Last month, the state came through with a $50 million grant to complete that work. Conceptually, the city is exploring the potential to tie the Marine base sewer system together with that portion of the city’s system that will be most proximate to the base. The city is under the gun to firm up its plans and present them to Sacramento to ensure the delivery of the $50 million.
Shortly after the city identified the plant location at Two Mile Road and Utah Trail, nearby residents, business interests and landowners let their objections be known. Simultaneously, it was learned that certain presumptions about cost from three and four years ago had been too low. City officials were caught between the state and local residents and businesses who did not want the plant at the planned-for site, high costs, a degree of complication in dispensing with the plan to relocate it from the site near Two Mile Road and Utah Trail and scrambling to find a new site, on top of which would come even more cost.
The city had planned, in constructing the system, to build the collection system in five phases, with the first phase involving laying down 10 miles of pipeline and no lift stations at a cost of $31 million in current dollars; a second phase in which 20 miles of pipeline would be laid into the ground with no lift stations at a cost of $58 million current dollars; the third phase of 26 miles of pipeline and no lift stations at a cost of $83 million in current dollars;, the fourth phase entailing 17 miles of pipeline with no lift stations at a cost of $51 million current dollars and the fifth and final phase of 40 miles of pipeline with seven lift stations at a cost of $133 million in current dollars. The construction of the collection system would consist of laying in 113 miles of pipeline and seven lift stations at a total cost of $356 million in current dollars.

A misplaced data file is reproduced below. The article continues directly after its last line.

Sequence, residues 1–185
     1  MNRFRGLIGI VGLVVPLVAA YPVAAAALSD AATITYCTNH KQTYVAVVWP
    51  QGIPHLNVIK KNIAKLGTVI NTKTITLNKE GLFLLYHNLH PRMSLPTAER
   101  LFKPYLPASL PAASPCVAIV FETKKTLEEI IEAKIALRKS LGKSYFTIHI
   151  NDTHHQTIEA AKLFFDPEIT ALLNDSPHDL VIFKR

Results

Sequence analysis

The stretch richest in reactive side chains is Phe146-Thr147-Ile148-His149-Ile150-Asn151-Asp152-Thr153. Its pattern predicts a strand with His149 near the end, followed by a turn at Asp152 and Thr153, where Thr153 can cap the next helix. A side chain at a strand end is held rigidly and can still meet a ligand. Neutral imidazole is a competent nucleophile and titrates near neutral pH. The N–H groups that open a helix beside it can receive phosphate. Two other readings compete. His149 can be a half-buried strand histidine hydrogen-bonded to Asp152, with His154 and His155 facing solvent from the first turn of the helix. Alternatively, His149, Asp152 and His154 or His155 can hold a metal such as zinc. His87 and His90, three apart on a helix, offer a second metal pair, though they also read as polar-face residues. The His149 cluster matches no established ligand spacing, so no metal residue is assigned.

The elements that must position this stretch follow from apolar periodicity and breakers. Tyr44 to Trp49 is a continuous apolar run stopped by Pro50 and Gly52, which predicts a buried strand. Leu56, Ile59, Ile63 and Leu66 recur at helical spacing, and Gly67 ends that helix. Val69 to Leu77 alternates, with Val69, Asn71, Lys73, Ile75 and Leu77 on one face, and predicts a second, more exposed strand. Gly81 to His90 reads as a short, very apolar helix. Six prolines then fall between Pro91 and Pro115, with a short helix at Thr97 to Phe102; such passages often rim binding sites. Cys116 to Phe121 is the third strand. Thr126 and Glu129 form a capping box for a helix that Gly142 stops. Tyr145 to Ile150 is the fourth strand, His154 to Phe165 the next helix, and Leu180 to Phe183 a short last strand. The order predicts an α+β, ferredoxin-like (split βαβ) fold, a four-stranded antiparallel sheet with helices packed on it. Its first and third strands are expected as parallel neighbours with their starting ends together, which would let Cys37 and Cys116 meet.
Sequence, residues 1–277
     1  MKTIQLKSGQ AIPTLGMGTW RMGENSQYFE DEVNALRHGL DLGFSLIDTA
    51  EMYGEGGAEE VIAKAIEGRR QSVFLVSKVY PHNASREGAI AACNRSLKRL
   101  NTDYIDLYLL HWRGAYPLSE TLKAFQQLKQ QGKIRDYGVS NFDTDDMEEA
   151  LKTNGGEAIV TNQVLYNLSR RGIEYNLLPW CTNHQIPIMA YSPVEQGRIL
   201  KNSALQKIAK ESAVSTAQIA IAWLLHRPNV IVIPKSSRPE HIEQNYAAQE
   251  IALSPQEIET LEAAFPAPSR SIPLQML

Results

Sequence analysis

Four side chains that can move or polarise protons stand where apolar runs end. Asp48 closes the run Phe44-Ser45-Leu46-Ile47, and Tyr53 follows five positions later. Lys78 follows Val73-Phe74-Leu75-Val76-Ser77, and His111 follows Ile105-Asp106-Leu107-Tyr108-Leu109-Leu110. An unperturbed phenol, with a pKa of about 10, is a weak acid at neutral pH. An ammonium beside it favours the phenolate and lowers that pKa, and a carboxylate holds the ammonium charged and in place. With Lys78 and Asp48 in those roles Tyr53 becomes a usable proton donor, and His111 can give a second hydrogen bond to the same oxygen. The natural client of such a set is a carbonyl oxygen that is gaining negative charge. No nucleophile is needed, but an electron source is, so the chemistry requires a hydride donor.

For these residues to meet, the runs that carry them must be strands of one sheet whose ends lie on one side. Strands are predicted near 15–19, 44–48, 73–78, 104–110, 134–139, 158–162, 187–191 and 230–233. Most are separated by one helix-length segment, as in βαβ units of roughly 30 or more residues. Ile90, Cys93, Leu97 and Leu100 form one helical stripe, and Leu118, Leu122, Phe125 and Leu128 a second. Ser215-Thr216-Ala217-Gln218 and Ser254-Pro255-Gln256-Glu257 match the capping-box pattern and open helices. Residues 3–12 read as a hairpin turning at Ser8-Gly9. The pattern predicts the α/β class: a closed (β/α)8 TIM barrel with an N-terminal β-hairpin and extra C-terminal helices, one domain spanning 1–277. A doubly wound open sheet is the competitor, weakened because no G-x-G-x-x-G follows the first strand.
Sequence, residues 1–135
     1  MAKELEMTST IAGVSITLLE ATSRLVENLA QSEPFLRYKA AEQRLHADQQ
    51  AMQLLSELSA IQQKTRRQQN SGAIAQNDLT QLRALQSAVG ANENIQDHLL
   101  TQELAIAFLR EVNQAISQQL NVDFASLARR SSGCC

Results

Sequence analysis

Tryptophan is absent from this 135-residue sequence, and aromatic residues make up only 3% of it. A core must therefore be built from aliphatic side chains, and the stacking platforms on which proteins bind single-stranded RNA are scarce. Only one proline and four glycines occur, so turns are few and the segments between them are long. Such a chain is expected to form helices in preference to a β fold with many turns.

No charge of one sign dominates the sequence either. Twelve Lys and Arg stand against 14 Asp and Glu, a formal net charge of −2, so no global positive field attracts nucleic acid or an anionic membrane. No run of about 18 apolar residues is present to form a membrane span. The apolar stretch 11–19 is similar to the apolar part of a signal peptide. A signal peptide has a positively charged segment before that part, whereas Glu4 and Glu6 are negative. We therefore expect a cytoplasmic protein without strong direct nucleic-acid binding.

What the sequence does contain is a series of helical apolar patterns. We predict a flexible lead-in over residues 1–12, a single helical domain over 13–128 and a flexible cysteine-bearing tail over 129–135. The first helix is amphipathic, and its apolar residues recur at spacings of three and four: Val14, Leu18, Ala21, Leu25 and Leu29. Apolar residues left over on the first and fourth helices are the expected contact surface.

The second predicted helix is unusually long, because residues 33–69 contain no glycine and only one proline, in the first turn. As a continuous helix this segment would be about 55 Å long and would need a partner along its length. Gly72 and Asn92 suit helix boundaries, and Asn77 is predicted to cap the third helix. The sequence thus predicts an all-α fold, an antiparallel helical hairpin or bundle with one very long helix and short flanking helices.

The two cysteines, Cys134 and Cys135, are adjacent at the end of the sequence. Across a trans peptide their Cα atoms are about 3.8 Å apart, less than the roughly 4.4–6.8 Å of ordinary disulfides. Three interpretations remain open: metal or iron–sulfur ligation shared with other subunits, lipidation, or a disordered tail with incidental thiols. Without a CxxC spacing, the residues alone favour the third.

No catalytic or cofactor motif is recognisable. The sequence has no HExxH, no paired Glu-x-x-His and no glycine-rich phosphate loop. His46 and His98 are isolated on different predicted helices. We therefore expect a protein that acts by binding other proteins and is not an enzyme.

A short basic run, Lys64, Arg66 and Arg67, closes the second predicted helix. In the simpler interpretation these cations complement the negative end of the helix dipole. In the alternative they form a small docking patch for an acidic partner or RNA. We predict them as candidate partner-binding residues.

The sewer plant was to be built to easily accommodate the processing of 900,0000 gallons of effluent per day. The city was taking a piecemeal approach to the project, thinking of it in phases. The $31 million first phase was eminently doable, particularly if it had the $50 million in state funding in hand. But moving the plant eastward and other project cos escalations appeared to be inflating the first phase to $60 million or beyond that to as much as $65 million. One concept to cut down on the cost of the project was to shrink the scope of the system to a less than 900,000 gallon treatment capacity. But officials began asking themselves of what value a system with insufficient capacity would be.
Upon interim City Manager Larry Bowden stating that the project’s construction could balloon to as much as $70.8 million, of which at least $52 million would be used to construct the treatment plant, the council began to get cold feet. When he reported that it would cost each household in the city up to $3,300 a year to be connected to and use the system, the council gave up the ghost. As late as early this month, there had been representations that upon the city receiving the state grant, existing residences would be able to hook up to the sewer system at no cost. Having now returned the state money, if the system is to be constructed, homeowners will be saddled with a cost of about $12,000 each in 2023 dollars to tie into the system, followed by the exorbitant $3,000 plus per year service charge.
One of the city’s leading lights, George Mulopulous. By letter sought to encourage the council to push ahead with the project.
But others who had been prime movers with regard to undertaking the proposed project, such as Karalee Hargrove, a member of the city’s wastewater committee, acknowledged financial reality had rendered the project unviable at this point.
The city council concurred.
Mark Gutglueck